I have the great honor of introducing Monica Clark-Robinson who has just debuted her first children’s book, Let the Children March. In this collaboration with Frank Morrison, Monica has written about the often forgotten stories of tiny and mighty freedom fighters in the Civil Rights Movement.
Below she gives us incredible insight into her new book, shares her must-reads in children’s literature, and most importantly, shares why the right book, at the right time, can change a child’s life.
Bonus: Scroll down and enter to win a copy of Let the Children March.
Let the Children March: Interview with Monica Clark-Robinson
Before we begin Monica, please introduce yourself.
I’m passionately in love with stories–my stories, your stories, and the stories that connect us across culture, race, and age. I’m most interested in bringing forward stories that are being forgotten or misremembered. Characters in the margins are who I’m interested in writing, fiction-wise.
The kid who is too smart, too fat, too weird, or whatever–anyone doesn’t fit in the “norm”—that’s who I want to write about. I write picture books, contemporary middle-grade fiction, and YA fiction.
I’m also a children’s librarian, professional actor, voice-over artist, and speech-writer, and I live in a yurt in the country with one husband, too many cats, and just the right amount of daughters.
Why did you choose to write your debut picture book about the Children’s March in 1963?
I wrote it because the story was being forgotten. Or if it was remembered, it was remembered incorrectly. The first time I heard the story, the person relaying the story said that the white policemen were so moved by what the children were doing that they put down their guns and water hoses, kneeled, and let the children pass unharmed.
That is totally, absolutely false, as anyone who lived through it will tell you. The children who marched in 1963 deserve their true story to be remembered and told often. The papers in the south at the time suppressed the story—I can’t tell you how many people living in the south at the time have told me they had never heard of the Children’s March.
Once I knew the story, I had to tell it.
Art by Frank Morrison © 2017 Houghton Mifflin Harcourt
In one word, how would you describe the children who marched?
That’s easy. World-changers.
Your narrator is a young girl. Does she represent one particular person in the Children’s March or is it a fictional character compiled from multiple true stories?
I very much wanted to root this story in the emotion of the event, and I felt a fictional character would be best for what I was going for. My research included speaking and emailing several people who experienced the events in Birmingham in 1963. By immersing myself in their collective words and in the written memoirs of others who lived through it, I synthesized that into my narrator.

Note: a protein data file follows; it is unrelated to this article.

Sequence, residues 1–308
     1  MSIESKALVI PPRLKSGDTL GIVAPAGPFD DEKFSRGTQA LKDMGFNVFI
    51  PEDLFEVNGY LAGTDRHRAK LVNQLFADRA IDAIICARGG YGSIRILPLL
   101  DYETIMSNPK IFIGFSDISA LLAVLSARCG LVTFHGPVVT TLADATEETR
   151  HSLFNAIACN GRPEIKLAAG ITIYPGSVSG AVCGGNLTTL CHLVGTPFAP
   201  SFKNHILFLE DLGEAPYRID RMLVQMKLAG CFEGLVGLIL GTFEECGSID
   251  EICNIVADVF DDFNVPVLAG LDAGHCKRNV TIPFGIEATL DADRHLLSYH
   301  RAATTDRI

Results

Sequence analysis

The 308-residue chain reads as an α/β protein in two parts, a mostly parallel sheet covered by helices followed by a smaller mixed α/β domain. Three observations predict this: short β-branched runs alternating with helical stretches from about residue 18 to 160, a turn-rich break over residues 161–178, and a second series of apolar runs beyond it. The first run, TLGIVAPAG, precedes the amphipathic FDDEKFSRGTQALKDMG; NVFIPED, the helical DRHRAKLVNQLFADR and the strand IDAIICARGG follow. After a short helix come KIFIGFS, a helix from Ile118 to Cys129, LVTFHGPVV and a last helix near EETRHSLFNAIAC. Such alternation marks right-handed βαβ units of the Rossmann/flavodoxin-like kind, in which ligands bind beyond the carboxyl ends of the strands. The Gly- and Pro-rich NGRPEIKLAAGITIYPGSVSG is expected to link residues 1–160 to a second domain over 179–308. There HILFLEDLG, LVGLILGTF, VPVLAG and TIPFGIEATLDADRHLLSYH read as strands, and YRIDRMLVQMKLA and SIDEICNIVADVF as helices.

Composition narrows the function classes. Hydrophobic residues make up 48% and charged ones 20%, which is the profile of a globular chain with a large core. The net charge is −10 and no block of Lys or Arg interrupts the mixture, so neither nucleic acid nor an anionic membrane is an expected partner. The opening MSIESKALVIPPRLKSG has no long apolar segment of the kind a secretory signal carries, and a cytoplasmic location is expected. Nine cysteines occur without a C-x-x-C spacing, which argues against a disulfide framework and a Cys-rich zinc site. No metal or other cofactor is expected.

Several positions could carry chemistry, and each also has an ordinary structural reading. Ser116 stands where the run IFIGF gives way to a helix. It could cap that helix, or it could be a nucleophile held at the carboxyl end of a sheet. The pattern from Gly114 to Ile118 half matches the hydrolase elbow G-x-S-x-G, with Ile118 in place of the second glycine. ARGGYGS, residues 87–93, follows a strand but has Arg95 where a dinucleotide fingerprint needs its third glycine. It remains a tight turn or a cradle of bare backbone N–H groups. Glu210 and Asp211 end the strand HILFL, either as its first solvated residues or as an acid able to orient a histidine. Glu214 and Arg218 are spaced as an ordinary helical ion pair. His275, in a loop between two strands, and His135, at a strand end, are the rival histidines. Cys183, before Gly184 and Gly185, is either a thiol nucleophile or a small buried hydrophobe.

Additionally, I emailed the final draft of the book to some of the people I had corresponded with. I asked them to let me know if anything didn’t hold true to their experience. The goal was to be as real and accurate as possible, even though my narrator was fictional.
In your book, you highlight these children recognizing they needed to step up when their parents weren’t able to because of their jobs. Why is this such an important piece of the puzzle?
Dr. King’s purpose was to, as he said, “fill the jails” with people arrested for marching in Birmingham. Only then would the government be disrupted enough to cause trouble for the city. Only then could compromise and change happen. But very few adults marched—they were too afraid to lose jobs and be in jail and unable to care for their kids.
The teens and children, with the help of a couple of ministers in the Movement, came to the idea that they could march. They didn’t have jobs! They could be the ones to fill the jails. Dr. King didn’t like the idea at first, but he eventually became convinced.
He later wrote that it was the introduction of the children to the Movement that changed everything.
How did strike a balance between hostility and hope throughout the story?
Frank Morrison (the fabulous illustrator!) and I had to be very careful. We didn’t want to tell a cheery story that left out the fear and horror of that week. But we also didn’t want to tell all the truly upsetting details and scare young readers. It was a delicate balance, and personally, I think it’s something we got right.
I especially wanted to give children the understanding that what the kids in Birmingham did make a difference—and a big one! The hope of the story was built-in with the facts of what happened after—at the end of the march, a desegregation deal was struck. Within a month, President Kennedy went on national television to announce the Civil Rights Act.